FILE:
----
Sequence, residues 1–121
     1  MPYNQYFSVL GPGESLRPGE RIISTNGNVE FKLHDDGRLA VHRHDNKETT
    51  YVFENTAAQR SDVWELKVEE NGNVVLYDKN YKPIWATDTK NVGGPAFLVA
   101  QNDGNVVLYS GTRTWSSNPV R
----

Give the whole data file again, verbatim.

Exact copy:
Sequence, residues 1–121
     1  MPYNQYFSVL GPGESLRPGE RIISTNGNVE FKLHDDGRLA VHRHDNKETT
    51  YVFENTAAQR SDVWELKVEE NGNVVLYDKN YKPIWATDTK NVGGPAFLVA
   101  QNDGNVVLYS GTRTWSSNPV R